# Dividend Discount Valuation Part 2

We can invest in an intelligent and disciplined manner if we know both the price and the value of a company. Here we venture into Part 2 of the Dividend Discount Valuation, where we discuss how to value a company with variable dividend growth rates. If you haven’t had a chance, read the Introduction to Valuation and Dividend Discount Valuation Part 1 before reading this one.

#### Multiple-Stage Dividend Discount Valuation

Growth rate estimates are usually more accurate in the near term than the longer term where there is more uncertainty. And, over time a company’s growth, and therefore the cash available for dividends, can vary. The Multi-Stage Dividend Growth Model considers variable growth stages in the valuation of a company.

In some cases, a company’s growth rate slows as it becomes larger, reducing the cash available for increasing the dividend. In other cases, cash for dividends may increase as the company matures. Less cash is needed for growth projects so it is redirected to return more cash to the shareholders, as dividends or share buybacks.

Today we’ll use the Multi-Stage Dividend Discount Valuation to calculate the intrinsic value of a stock with different dividend growth rates. We estimate the dividends per share for each period and discount it back to today’s valuation date.

A stable dividend growth is often assumed after a period of rapid or variable growth. We discussed stable growth in the Constant Growth Model previously and, it now will become the last stage in the Multiple Stage Growth Model. The value calculated when the stable growth stage begins is also called the “terminal value.” The terminal value is then discounted back to the valuation date, more on this is a moment.

#### Multi-Stage Dividend Growth Rate Model Formula

The Multi-Stage considers variable growth rates reflecting different growth stages. The example below uses two stages, although any number can be used. In the BIP valuation, for example, I used a two-stage version.

#### Step 1: Determine the Dividends’ Value During the Growth Stage

The first step in this process is to calculate the present value of the multiple-stage growth using the formula below.
Present Value of Dividends Multi-stage Growth
Where:

• D1 = dividend per share to be received at the end of first year,
• Dn = dividend per share to be received at the end of the nth year,
• r is the discount rate or required return (in this case the opportunity cost).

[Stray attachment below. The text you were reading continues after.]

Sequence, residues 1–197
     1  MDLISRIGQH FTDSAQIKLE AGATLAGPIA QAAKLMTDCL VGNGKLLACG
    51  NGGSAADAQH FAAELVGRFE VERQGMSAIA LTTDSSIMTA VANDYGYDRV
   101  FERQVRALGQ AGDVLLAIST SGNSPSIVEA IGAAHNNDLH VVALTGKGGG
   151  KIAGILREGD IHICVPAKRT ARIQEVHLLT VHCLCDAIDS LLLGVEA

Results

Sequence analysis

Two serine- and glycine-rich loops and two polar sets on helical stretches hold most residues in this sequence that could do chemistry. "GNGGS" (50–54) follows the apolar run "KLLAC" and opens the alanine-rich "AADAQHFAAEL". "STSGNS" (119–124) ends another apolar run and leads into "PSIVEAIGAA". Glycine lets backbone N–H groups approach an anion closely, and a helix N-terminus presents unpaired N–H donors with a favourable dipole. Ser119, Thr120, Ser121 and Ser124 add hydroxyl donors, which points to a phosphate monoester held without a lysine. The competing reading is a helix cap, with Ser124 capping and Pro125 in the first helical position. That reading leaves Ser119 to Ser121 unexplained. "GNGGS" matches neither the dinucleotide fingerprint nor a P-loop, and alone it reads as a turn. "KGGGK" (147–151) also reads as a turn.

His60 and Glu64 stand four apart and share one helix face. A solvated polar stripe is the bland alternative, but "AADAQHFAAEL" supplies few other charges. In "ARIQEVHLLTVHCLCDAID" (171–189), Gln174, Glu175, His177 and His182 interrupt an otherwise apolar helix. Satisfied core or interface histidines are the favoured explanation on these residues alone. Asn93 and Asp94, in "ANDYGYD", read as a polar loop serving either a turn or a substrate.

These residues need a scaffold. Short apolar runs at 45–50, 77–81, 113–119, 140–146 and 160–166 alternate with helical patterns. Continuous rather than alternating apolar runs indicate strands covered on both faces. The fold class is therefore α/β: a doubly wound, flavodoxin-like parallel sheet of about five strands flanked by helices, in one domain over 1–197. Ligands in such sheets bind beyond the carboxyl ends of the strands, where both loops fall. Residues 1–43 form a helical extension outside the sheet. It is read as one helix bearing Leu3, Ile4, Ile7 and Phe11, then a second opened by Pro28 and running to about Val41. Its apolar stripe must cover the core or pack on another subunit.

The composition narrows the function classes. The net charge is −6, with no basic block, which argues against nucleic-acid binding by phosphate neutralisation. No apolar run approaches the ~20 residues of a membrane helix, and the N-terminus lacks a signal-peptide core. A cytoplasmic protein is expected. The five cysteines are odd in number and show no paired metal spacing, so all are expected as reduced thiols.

#### EXAMPLE:

In the case of BIP, I’ve made the following assumptions for the figures in these calculations:

• g = BIP’s 7% midpoint dividend target growth rate for ten years,
• a 4% stable growth rate for the stable phase,
• r = 10% discount rate
• D1 = the 2017 dividend rate of \$1.74 per share.

Note: As is often done, the long-term growth is assumed to match that of the applicable economy. In this case, the 4% stable growth rate is the World Bank’s long term global GDP growth rate.

We then apply the formula for the present value of the multiple-stage of growth to BIP’s projected 7% dividend growth. We have determined the present value of the multiple growth stage to be PV = \$14.01, shown here:

#### Step 2: Determine the Dividends’ Value in the Stable Stage

The next step in this valuation is to use the formula for the terminal value of the stable-stage growth:

Where:

• Dn+1 = dividend per share received the year the stable-stage growth starts,
• r = the discount rate or required return (in this case the opportunity cost).
• g = the growth rate in the stable stage.

#### EXAMPLE:

For BIP, we apply the terminal value to this formula, shown below:

We determine the terminal value of the stable growth stage to be \$57.07.

#### Step 3: Determine the Present Value of the Terminal Value

Since we calculate the terminal value in year 11, we must also discount it back to the present value in year 0. This is the formula for the present value of the terminal value:

Where:

• r = the discount rate or required return (in this case the opportunity cost),
• n = is the number of years in the growth phase.

#### EXAMPLE:

For BIP, we then calculate the present value of the terminal value. We determine the present value of the terminal value is \$22.00:

#### Step 4: Calculate the Intrinsic Value

Next, we add together the present value (PV0) of the high-growth-rate stage and the stable-growth stage (terminal value) to obtain the intrinsic value.

#### EXAMPLE:

When we do this for BIP, we get:

#### What does this mean?

Today’s intrinsic value of \$36 per share is higher than today’s price of \$35 per share, the investment appears to be attractive. This is because we pay less than we get back in today’s dollars. The value is higher than the price, after we discount it for our 10% required rate of return. Another way to think about this is; we get our required 10% per year return and an extra \$1 per share.

In Part 1 we used Brookfield Infrastructure Partners (BIP) as an example and calculated an intrinsic value of \$58 per share. In Part 2, with a seemingly small change is our assumptions, we determined the intrinsic value to be \$36 per share. All we really did was change the dividend growth rate from 7% to 4% after year 10.

Sensitivity analysis is a tool used to gain insight into how different assumptions change the outcome. In the BIP example, a seemingly small change in the growth rate of the dividend ten years out, significantly changed the outcome. Next  we set out to reduce the Dividend Discount Valuation to the essential steps, provide a spreadsheet to help us, and do a sensitivity analysis.

Long: BIP

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